For deliberate Bulwer-Lytton Wretched Writing contest fun, go here.

  • Headline of (a recent) day: Teams report movement from Native American revivals : What does it mean?

November 19, 2009 Posted by | Religion | | Comments Off on Thursday Religious (New Lutheran denomination, Ted startup launch, free ‘Origin,’ Atheist billboard uproar …)

Headline of the day nominee

Teams report movement from Native American revivals: What does it mean? Running away?

November 19, 2009 Posted by | Satire | Comments Off on Headline of the day nominee

Edward George Bulwer-Lytton editorial nominee

Twas a dark and stormy editorial about a Bill Moyers Journal entitled Beyond Our Differences. Among so many other things, the editor wrote:

Despite the appearance of diversity, the interviewees were glaringly homogeneous in their religious pluralism. As a result, a significant portion of religious adherents, namely, those believing in some sort of exclusive religious claims, were cut-off from the conversation. A more fruitful discussion would have included religious practitioners that do not presuppose that there are a number of valid paths (Buddhism, Christianity, Judaism, Islam, Sikhism, etc.) to the divine.

For deliberate Bulwer-Lytton Wretched Writing contest fun, go here.

November 19, 2009 Posted by | Satire | Comments Off on Edward George Bulwer-Lytton editorial nominee

Nominee for thoroughly misguided

Christian ?

November 19, 2009 Posted by | Obama, Politics, Satire | Comments Off on Nominee for thoroughly misguided

Has Palin written a parable?

Going Rogue may not be quite as much a work of fiction as Left Behind but Dan Gilgoff seems to think they’re aimed at the same general audience.

November 19, 2009 Posted by | Book Review | , , , | Comments Off on Has Palin written a parable?

An XBox 360 Bible? Due out when?

Yes, really. Due out in December, it isn’t a game (it’s a Bible on XBox).

Bible game attempts are often panned by reviewers. This kind of thing has been going on since 1983 when “The Music Machine” for Atari 2600 was released (and may not have done well commercially).

The $5 price may be right, although the real competition for digital Good Book text is probably Project Gutenburg, where a variety of Bibles may be freely downloaded.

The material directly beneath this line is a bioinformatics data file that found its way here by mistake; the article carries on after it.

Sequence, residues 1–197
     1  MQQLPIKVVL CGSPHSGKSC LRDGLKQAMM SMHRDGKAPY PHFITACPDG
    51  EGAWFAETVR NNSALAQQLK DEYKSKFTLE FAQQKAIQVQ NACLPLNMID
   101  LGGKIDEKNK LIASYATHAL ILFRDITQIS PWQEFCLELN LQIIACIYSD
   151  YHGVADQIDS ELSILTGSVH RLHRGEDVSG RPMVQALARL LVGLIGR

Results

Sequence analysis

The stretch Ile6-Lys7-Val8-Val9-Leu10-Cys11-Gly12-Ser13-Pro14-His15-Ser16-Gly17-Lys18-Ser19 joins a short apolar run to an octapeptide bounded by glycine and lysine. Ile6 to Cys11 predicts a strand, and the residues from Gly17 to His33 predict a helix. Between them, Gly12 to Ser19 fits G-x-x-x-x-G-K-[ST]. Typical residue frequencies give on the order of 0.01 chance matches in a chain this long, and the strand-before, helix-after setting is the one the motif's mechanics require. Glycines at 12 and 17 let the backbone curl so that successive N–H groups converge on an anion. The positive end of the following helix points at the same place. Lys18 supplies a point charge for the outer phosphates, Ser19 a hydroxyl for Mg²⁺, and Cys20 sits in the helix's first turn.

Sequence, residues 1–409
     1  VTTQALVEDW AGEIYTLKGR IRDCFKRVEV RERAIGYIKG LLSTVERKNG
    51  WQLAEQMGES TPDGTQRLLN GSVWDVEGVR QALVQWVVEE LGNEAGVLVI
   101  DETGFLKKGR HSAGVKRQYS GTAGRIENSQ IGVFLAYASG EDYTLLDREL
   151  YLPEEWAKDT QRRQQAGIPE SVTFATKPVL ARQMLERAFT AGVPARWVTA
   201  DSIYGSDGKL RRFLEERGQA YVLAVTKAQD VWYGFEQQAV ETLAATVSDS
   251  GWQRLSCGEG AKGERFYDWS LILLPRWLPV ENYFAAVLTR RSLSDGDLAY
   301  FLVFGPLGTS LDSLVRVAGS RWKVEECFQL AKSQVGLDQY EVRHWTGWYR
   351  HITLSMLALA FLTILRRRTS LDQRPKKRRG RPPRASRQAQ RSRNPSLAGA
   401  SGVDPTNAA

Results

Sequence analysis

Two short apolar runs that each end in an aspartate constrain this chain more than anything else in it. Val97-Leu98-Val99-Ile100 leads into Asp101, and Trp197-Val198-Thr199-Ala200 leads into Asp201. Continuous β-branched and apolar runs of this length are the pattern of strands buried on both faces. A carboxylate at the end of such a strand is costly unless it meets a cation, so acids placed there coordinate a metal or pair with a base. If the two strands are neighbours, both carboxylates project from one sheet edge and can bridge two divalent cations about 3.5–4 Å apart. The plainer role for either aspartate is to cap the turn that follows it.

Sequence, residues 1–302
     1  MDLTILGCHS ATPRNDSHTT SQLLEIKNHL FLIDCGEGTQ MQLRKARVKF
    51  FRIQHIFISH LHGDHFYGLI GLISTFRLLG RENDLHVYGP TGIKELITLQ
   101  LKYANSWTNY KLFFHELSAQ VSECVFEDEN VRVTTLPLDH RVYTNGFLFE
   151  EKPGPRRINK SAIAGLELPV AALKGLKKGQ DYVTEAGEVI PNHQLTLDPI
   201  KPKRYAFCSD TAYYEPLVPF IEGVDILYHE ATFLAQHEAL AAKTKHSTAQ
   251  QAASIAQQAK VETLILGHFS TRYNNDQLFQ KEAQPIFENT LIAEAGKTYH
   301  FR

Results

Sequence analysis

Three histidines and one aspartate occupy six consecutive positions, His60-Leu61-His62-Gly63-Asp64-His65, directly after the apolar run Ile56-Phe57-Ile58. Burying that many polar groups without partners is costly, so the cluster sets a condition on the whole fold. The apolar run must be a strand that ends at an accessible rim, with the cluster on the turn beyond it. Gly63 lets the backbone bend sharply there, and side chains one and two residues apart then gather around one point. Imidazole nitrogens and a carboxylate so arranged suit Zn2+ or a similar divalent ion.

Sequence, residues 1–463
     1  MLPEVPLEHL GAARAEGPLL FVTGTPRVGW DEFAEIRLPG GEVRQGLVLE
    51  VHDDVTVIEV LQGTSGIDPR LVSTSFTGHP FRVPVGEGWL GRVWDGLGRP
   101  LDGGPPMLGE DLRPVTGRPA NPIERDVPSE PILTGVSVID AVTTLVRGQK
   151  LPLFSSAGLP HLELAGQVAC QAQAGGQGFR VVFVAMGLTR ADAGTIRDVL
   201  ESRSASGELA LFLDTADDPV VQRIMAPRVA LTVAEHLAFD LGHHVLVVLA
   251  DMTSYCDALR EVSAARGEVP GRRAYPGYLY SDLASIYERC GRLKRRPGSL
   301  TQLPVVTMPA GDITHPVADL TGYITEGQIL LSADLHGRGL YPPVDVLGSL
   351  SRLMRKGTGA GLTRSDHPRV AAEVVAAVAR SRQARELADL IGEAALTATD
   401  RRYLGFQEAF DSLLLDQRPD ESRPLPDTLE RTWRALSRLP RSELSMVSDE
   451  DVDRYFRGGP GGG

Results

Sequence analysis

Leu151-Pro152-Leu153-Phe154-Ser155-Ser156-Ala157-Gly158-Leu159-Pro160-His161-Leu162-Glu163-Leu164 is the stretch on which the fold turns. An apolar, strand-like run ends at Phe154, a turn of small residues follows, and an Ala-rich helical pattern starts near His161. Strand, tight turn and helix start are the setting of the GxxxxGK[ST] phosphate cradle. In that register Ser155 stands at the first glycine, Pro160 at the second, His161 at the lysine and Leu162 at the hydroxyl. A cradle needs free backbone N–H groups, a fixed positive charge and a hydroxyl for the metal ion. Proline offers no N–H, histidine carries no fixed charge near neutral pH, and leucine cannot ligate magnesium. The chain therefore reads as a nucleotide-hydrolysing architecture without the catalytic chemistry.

November 19, 2009 Posted by | The Arts | Comments Off on An XBox 360 Bible? Due out when?

Brains lose an Australian round to alcohol

Baptists and Methodists hereabouts might go Australian when they hear some of the alcohol good sense from Down Under. For the sake of teen brains, thoughtful Aussies have been pushing an increase in the drinking age from 18 to 19 (or 21). Ian Hickie, executive director of Sydney University’s Brain and Mind Research Institute, writes:

New research in neuro-science tells us that the brain continues to develop right through until the late teenage and early adult period. In fact, particularly in young men, it may not reach adult maturity till the mid-20s.

It is the frontal part of the brain that regulates complex decision making, forward planning and inhibition of impulsive behaviours that is undergoing final development at this age.

One of the most toxic things that a young brain can encounter is a high level of blood alcohol.

The issue is important there now because the Prime Minister is asking for health policy advice, and a teen binge-drinking national tradition called ”schoolies week” is upon them.

Hickie’s argument attracted support from the chairman of the Australian National Council on Drugs, John Herron and others. Jon Currie, chairman of an Australian national expert panel on alcohol, has said first consideration should be given to raising the drinking age to 21. Indeed, the Sydney Morning Herald reported that thanks to Hickie, the Prime Minister is “under pressure to raise drinking age.”

As is often the case everywhere, however, politics and good sense are at odds. On Thursday, Australian Health Minister Nicola Roxon told reporters, “It’s not on our agenda to increase the drinking age.”

November 19, 2009 Posted by | Health, Law | | Comments Off on Brains lose an Australian round to alcohol